Targeted operation against LJ: What are the options?
On February 16, 2013, a second deadly attack on the Shia Hazara community took place in Quetta within the span of just over a month.
This time too, the religious and ethnic minority, desperate for justice, declared they would not bury their loved ones until their demands were met. Among these demands was the call for a targeted operation against extremists operating in Balochistan – particularly the anti-Shia sectarian outfit Lashkar-i-Jhangvi (LJ), which claimed responsibility for the attack.
This sentiment has been receiving increasing support across Pakistan, especially in the wake of the devastating Quetta attack in HazaraTown. There is a growing demand to focus on home-grown sectarian outfits, many say, as opposed to worrying about what’s happening across the border in India.
A targeted operation, however, would need to be a focused and sincere one. Many have been skeptical of arrests made within days of the blast, where four suspects were killed and the mastermind of the attack was reportedly arrested along with seven other suspects.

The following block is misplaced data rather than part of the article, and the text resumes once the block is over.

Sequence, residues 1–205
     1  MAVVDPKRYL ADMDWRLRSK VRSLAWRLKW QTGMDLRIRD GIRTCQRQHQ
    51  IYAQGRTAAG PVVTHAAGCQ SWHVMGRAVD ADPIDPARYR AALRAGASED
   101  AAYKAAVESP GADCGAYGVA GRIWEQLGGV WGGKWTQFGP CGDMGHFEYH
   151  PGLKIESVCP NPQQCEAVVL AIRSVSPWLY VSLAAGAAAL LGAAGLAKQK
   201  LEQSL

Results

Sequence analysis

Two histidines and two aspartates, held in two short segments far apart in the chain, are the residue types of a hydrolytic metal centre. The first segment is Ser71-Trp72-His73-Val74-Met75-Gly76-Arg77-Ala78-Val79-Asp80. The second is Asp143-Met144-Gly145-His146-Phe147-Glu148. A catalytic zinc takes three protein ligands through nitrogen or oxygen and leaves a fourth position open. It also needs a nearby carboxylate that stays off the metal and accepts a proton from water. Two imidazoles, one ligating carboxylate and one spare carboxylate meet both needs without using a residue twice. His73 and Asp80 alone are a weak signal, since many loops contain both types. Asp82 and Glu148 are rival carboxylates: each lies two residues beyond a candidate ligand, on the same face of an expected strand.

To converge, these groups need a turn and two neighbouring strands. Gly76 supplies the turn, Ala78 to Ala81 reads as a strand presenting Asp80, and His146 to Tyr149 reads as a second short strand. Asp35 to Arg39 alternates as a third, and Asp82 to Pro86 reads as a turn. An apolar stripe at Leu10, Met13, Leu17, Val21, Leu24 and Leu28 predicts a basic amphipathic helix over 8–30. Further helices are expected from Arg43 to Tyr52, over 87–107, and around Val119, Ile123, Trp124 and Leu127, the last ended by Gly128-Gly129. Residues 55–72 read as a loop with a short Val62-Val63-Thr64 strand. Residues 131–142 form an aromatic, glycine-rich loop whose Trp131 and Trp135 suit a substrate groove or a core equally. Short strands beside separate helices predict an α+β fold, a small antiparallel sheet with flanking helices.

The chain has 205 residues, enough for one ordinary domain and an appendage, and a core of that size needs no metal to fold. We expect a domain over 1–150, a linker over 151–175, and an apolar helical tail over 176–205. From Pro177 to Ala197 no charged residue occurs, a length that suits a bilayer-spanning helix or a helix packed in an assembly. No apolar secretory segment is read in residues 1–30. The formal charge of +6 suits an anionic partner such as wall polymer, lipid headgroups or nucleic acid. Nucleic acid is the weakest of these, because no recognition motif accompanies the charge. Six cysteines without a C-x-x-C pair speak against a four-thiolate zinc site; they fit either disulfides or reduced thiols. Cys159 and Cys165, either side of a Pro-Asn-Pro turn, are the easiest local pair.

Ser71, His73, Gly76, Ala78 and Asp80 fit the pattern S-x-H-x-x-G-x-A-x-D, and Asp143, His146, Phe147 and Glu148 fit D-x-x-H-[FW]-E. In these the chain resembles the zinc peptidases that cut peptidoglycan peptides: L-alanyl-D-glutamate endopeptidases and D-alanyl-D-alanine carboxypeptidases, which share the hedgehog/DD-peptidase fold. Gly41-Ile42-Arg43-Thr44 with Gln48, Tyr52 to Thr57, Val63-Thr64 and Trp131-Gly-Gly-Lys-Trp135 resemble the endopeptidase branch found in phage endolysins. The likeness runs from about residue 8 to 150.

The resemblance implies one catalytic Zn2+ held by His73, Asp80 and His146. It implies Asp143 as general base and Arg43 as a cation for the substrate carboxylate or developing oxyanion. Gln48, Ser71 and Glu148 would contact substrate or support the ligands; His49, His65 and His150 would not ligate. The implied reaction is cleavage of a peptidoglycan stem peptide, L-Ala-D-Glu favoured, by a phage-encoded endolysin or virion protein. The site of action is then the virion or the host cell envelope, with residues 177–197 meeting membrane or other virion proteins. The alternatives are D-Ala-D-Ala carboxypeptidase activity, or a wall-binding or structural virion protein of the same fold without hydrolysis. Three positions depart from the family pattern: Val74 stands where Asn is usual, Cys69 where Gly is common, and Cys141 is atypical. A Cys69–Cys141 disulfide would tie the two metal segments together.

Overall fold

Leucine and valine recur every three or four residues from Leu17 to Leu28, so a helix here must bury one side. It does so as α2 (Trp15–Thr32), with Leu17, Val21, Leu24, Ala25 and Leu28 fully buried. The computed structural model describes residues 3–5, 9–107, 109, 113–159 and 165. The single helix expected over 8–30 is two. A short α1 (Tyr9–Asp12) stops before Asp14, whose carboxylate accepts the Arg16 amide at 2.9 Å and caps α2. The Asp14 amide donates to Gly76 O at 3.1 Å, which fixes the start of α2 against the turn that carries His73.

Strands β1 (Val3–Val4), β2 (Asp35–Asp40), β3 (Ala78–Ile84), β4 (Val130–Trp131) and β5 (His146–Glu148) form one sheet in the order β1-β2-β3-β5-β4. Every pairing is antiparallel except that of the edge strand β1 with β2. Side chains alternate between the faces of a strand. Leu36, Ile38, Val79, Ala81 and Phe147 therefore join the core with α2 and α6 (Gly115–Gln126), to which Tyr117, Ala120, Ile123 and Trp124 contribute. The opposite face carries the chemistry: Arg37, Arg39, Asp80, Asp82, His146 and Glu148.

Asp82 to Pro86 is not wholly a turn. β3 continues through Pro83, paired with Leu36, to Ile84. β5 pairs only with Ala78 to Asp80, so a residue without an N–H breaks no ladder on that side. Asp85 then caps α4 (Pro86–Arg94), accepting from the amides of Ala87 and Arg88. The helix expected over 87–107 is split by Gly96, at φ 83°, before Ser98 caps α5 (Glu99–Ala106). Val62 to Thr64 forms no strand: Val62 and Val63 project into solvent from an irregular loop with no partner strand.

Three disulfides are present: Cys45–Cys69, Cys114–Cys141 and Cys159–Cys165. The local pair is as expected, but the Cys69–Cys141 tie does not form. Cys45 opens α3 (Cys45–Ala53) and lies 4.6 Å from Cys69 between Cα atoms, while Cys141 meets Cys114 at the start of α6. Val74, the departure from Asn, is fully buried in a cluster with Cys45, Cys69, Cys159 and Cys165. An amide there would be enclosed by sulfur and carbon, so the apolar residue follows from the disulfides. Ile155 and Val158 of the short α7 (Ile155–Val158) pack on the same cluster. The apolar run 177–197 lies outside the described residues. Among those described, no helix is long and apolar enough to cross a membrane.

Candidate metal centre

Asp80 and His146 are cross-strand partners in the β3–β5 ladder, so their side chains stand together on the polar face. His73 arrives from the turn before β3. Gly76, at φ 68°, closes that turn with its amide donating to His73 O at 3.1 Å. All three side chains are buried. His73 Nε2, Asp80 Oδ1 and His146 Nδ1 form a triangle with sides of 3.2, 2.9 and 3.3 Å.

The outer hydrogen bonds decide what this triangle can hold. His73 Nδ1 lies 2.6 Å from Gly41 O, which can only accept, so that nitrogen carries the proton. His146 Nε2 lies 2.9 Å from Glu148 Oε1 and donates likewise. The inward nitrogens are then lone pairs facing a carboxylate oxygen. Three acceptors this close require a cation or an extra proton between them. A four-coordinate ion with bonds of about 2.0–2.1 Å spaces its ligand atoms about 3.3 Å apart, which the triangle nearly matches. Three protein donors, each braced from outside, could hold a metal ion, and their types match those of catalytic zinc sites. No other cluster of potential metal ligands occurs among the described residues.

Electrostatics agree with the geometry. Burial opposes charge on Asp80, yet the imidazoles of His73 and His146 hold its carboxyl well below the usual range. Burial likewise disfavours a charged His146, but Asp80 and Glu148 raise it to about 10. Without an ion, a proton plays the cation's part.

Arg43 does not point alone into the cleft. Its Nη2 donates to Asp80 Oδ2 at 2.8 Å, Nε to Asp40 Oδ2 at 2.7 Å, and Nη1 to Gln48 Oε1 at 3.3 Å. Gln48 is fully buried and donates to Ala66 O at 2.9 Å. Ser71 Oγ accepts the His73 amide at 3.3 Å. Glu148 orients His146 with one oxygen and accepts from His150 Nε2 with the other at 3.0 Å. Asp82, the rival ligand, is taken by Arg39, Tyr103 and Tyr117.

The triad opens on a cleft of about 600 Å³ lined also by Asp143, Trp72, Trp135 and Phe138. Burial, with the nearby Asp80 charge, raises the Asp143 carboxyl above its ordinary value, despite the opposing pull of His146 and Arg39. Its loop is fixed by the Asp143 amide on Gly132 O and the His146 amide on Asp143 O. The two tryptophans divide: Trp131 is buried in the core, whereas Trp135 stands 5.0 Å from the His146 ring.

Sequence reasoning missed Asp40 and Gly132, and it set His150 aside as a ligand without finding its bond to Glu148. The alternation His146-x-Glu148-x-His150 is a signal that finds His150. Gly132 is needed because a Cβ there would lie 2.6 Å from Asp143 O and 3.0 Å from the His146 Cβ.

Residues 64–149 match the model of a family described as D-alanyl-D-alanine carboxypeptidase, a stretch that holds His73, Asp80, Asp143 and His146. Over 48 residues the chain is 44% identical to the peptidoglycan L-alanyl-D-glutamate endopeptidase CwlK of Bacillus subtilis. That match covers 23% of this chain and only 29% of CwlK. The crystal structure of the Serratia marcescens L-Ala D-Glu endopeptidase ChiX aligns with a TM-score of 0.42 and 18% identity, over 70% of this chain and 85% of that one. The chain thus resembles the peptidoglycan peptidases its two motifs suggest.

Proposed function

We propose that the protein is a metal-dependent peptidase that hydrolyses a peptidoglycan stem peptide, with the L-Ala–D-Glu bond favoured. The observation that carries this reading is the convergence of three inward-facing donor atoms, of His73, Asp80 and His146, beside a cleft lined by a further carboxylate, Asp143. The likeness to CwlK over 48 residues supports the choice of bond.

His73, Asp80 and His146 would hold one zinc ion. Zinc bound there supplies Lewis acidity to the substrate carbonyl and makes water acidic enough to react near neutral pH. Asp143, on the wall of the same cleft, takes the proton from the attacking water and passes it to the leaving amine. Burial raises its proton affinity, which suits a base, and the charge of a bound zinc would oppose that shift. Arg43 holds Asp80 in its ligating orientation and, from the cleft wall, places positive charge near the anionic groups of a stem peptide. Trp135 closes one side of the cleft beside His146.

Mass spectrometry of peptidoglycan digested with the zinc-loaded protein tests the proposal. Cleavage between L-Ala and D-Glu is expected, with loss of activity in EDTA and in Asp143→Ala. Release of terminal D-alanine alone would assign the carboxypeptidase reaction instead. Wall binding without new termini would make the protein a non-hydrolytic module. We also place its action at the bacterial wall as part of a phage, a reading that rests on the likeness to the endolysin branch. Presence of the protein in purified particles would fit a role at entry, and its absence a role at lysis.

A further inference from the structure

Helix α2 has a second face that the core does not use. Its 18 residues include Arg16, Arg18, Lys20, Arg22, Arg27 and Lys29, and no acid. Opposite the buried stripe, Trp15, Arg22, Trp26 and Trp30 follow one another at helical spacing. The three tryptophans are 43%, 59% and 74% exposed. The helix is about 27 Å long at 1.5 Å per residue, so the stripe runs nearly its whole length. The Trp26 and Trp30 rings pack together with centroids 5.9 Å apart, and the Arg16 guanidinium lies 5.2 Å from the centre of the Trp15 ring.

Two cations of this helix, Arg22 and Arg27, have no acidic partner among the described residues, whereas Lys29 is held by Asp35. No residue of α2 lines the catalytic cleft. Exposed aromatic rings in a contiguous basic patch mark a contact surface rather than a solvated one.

Meanwhile, the public also remains cynical after an increasing number of reports which indicate that political parties themselves are unwilling to crack down on LJ and its predecessor Sipah-e-Sahaba (SSP) because of electoral concerns. News reports also indicate that such concerns include seat adjustments for the upcoming elections between the Punjab government and the Ahle Sunnat Wal Jamaat (ASWJ).
With the facts on the ground indicating that political parties may not be willing to seriously crack down on sectarian outfits, a number of questions arise.
Should the government go all-out and launch such an operation that specifically targets organisations like the LJ? If so, who should go about it? Would the operation be carried out by the police, or should the requests that the army be called in to clean up the way they did in Swat in 2009 be paid heed to? The army itself, meanwhile, has found itself defending itself against having links with the LJ.
Furthermore, where should such an operation take place? Should it be limited to Balochistan, or should bases be cracked down in Punjab as well, the heartland for many of these sectarian outfits?
Most certainly a consensus must be reached between the federal and provincial governments, as well as powerful institutions like the army, on deciding what to do next.